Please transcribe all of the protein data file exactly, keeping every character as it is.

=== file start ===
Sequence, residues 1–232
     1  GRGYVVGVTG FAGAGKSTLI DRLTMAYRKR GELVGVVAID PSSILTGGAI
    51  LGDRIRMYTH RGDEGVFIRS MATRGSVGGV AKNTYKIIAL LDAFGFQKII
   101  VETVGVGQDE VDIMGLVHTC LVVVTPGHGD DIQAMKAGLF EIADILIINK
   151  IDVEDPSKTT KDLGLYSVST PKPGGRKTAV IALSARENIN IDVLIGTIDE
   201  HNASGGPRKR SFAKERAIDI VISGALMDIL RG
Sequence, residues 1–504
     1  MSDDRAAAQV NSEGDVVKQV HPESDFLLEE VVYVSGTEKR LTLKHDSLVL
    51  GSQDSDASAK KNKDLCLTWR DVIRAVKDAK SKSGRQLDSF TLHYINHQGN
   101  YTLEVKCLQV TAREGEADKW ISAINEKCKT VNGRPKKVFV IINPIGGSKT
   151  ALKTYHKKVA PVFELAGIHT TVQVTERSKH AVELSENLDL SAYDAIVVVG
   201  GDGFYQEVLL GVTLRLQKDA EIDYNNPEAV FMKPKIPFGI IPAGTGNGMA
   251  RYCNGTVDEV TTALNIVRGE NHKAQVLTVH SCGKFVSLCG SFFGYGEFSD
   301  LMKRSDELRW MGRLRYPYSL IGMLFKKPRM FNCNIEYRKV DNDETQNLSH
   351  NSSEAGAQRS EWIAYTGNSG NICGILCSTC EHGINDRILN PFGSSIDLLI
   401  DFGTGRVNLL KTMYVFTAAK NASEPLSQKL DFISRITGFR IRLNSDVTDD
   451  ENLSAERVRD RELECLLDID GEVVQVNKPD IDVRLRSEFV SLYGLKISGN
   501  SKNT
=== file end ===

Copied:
Sequence, residues 1–232
     1  GRGYVVGVTG FAGAGKSTLI DRLTMAYRKR GELVGVVAID PSSILTGGAI
    51  LGDRIRMYTH RGDEGVFIRS MATRGSVGGV AKNTYKIIAL LDAFGFQKII
   101  VETVGVGQDE VDIMGLVHTC LVVVTPGHGD DIQAMKAGLF EIADILIINK
   151  IDVEDPSKTT KDLGLYSVST PKPGGRKTAV IALSARENIN IDVLIGTIDE
   201  HNASGGPRKR SFAKERAIDI VISGALMDIL RG
Sequence, residues 1–504
     1  MSDDRAAAQV NSEGDVVKQV HPESDFLLEE VVYVSGTEKR LTLKHDSLVL
    51  GSQDSDASAK KNKDLCLTWR DVIRAVKDAK SKSGRQLDSF TLHYINHQGN
   101  YTLEVKCLQV TAREGEADKW ISAINEKCKT VNGRPKKVFV IINPIGGSKT
   151  ALKTYHKKVA PVFELAGIHT TVQVTERSKH AVELSENLDL SAYDAIVVVG
   201  GDGFYQEVLL GVTLRLQKDA EIDYNNPEAV FMKPKIPFGI IPAGTGNGMA
   251  RYCNGTVDEV TTALNIVRGE NHKAQVLTVH SCGKFVSLCG SFFGYGEFSD
   301  LMKRSDELRW MGRLRYPYSL IGMLFKKPRM FNCNIEYRKV DNDETQNLSH
   351  NSSEAGAQRS EWIAYTGNSG NICGILCSTC EHGINDRILN PFGSSIDLLI
   401  DFGTGRVNLL KTMYVFTAAK NASEPLSQKL DFISRITGFR IRLNSDVTDD
   451  ENLSAERVRD RELECLLDID GEVVQVNKPD IDVRLRSEFV SLYGLKISGN
   501  SKNT